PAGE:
The difference in appearance alone could not be greater. Think of the dining rooms of the Meurice, Crillon, Ritz, Plaza or Bristol and contrast their looks with the one of La Cuisine at the Royal Monceau. Whilst the former are heavy on the marble, gold, silver and the likes, the latter is more playful, unconventional and modern. Certain similarities to the design of the Meurice are apparent, as both are the creation of Philippe Starck, but there really isn’t that much that La Cuisine’s dining room has in common with other Parisian ‘palace‘ restaurants.
The service is most polite, efficient and friendly, in line with this idea of a more relaxed dining experience. The prices too, are far lower than those practised in other establishments, making it all the more accessible and perhaps also contributing to the lively atmosphere that reigns in the dining room here.
The food here, is Laurent André’s; this charismatic and passionate chef has worked with legends such as Alain Chapel and Alain Ducasse. Having spent some time a bit all over the world, he has come back to Paris, to produce a resolutely French cuisine. After having spent 18 years with Ducasse, the influence of his mentor is certainly visible, but André is carefully building his own ideas, both in the kitchen and the dining room.
The food here is best described as being product-based, simple and gutsy. There is no unnecessary garnish on the dishes, no complications that seem superfluous. Take an oeuf en meurette. This classical dish from Burgundy is served in a most convincing manner here: The egg is marinated in red wine for 24 hours, before being poached perfectly. Served with a rich red wine sauce, lardons, grelot onions, and mushrooms you have a plate full of earthy, dark flavours that add an element of sophistication to this fairly rustic dish.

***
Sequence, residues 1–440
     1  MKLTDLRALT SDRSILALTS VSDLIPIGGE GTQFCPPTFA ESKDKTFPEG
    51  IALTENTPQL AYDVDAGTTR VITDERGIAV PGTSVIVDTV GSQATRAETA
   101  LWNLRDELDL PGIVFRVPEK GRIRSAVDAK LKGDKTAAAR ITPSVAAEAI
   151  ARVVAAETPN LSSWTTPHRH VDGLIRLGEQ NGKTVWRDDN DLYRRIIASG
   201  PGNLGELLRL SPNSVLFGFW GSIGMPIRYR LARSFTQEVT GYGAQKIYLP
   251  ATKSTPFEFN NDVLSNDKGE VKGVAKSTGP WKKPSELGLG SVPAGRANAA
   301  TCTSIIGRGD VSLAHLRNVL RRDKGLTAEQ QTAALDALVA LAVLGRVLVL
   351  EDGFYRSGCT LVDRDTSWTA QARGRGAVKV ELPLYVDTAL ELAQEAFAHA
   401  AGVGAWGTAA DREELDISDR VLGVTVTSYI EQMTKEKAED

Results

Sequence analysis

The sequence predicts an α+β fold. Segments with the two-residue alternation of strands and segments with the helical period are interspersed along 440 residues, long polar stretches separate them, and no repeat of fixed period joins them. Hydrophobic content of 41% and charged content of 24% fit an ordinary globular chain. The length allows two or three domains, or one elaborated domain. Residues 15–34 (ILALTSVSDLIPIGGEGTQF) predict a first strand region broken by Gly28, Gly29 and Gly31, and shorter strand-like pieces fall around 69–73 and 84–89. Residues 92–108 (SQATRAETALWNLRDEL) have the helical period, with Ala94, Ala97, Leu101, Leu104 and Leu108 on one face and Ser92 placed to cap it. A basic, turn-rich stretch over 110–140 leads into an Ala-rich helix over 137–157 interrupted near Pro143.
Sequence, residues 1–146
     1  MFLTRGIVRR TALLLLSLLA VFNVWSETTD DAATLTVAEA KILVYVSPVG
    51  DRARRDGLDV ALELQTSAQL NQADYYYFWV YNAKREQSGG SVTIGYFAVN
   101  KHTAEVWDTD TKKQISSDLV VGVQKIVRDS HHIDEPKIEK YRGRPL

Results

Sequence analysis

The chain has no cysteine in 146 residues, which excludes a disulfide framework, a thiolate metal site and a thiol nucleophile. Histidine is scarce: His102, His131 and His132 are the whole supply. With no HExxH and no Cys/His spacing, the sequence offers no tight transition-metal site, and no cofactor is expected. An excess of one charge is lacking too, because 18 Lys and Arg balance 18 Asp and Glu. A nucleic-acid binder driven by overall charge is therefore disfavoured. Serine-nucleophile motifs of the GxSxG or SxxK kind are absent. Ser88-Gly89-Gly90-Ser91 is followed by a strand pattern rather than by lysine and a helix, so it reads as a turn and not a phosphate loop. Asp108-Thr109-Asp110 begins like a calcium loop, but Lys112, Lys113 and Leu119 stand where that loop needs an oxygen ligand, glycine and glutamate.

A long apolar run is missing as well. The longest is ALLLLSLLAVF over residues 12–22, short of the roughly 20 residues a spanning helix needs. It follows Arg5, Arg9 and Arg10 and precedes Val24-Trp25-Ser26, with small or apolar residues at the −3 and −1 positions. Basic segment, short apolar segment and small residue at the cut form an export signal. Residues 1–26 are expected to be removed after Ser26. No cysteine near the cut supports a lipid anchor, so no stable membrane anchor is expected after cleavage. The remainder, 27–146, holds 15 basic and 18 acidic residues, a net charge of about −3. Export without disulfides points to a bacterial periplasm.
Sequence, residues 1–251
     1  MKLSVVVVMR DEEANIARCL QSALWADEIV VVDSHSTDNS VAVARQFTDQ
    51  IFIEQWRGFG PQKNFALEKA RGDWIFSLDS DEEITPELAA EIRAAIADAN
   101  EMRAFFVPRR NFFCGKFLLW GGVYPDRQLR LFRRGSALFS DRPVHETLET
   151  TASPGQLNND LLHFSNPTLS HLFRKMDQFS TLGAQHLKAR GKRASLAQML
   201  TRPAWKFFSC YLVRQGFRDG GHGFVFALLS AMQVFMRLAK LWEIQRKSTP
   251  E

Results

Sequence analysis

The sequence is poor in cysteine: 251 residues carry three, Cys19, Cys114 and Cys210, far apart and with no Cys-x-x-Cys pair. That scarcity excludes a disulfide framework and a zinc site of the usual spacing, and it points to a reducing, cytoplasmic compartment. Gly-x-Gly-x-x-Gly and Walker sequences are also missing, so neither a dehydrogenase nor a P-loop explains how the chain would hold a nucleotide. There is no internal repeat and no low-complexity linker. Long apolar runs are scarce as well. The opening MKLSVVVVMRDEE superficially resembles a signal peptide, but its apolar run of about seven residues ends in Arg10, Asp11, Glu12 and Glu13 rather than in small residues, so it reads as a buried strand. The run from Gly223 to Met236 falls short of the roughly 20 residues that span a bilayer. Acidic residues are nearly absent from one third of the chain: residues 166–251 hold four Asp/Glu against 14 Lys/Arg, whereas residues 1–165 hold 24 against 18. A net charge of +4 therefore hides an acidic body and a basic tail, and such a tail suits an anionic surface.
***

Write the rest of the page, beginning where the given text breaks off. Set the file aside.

More delicate and even simpler is a sea bream. Cooked whole, it is carved tableside and showcases not only the product-quality, but also the precise timing on the side of the kitchen. Simply presented with a rich veal jus and a cocotte of spring vegetables, this is the kind of dish that doesn’t try to impress, but is oh so satisfying. It is not often that restaurants serve such dishes these days, and even more rare that the fish or meat is prepared by a skilful maitre, which deserves to be mentioned.
Instead of proposing its own desserts, the sweet side of the kitchen of La Cuisine is in the hands of Pierre Hermé. One thing one really ought to try is the millefeuille, which is made to order in front of your eyes. You walk up to the comptoir and choose your cream, pastry, and topping, with which the pastry chefs then prepare your own bespoke-millefeuille. The result is more than convincing, and would probably be not far off being one of Paris’ best millefeuilles. Even though some might find it a tad gimmicky, such an idea fits in with the concept of La Cuisine, namely making the experience a bit more informal and breaking a few rules here and there. Add to this the quality of the desserts, and you will certainly not be complaining anytime soon!
La Cuisine is certainly the most atypical restaurant of any of the Parisian grand hotels. It is more casual, more affordable and seems to have quite a few things up its sleeve, waiting to be unleashed. A chef such as André clearly knows food, and is someone who lets his dishes speak for themselves, which is more than respectable.